Future of Books

With the new fancy e-book readers out it’s hard to resist the urge to buy one! I was chatting with a woman at an SLA event last night about the future of books. She told me that her kids (25 and younger) did not read. She had read to them their entire childhoods and none of them were readers. She worried that books as she knows them are going to go away. I told her I didn’t think so – there’s something about the smell and feel of a book that will keep people wanting to hold a book in their hand. That said I think that e-book readers are amazing tools that will serve a great role in providing research titles. Roy seems to agree:

One of the most interesting findings from my perspective, since it validates something I’ve been saying for years, is that they overwhelmingly prefer print books “when reading the whole book or extensive sections.” Comments included statements like “e-books are better for research and quick reference, print books better for cover-to-cover reading,” and “e-books are easier to search,” while “print books are easier to read”.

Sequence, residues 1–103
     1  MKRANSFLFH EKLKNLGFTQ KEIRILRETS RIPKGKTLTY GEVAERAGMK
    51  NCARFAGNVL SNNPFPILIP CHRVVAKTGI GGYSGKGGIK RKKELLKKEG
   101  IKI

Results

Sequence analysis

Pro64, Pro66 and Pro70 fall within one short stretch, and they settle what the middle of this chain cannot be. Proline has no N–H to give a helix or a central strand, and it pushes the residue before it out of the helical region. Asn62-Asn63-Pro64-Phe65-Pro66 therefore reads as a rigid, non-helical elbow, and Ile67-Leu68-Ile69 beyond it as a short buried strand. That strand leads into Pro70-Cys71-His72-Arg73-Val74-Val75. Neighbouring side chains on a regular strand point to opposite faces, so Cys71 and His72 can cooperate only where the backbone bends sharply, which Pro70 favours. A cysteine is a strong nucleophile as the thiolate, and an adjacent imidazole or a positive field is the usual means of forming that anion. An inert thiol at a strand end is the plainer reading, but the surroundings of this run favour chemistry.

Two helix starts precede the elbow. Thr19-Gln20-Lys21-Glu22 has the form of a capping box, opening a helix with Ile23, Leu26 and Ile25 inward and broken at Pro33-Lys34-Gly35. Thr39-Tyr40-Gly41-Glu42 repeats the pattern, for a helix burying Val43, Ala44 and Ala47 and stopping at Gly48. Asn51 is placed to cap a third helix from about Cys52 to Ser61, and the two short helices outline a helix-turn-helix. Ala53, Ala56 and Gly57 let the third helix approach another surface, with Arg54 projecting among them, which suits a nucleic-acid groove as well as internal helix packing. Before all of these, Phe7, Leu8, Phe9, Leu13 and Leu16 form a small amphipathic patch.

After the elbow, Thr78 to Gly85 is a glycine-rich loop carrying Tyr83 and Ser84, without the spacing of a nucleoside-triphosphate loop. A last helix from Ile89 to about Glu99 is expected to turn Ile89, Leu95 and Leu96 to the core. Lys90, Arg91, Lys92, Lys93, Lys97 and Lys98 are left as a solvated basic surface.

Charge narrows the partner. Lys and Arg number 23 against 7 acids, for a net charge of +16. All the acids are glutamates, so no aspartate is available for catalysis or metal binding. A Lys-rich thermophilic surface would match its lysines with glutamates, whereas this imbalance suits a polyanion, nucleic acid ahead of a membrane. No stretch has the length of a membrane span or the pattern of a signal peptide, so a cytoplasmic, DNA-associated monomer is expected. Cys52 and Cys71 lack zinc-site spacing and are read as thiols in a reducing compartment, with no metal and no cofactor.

They also preferred, but by a much smaller margin, print books as being “generally easier to use for most of my research.” This finding, however, I suspect is a symptom of the relatively small percentage of books that are available as electronic books. As e-books become more widely available this particular finding could reverse. But again, the preference for print when reading the entire book may still factor into this statistic.

[update] for a bit of related humor see Stephen’s post on eBook Humour [/update]

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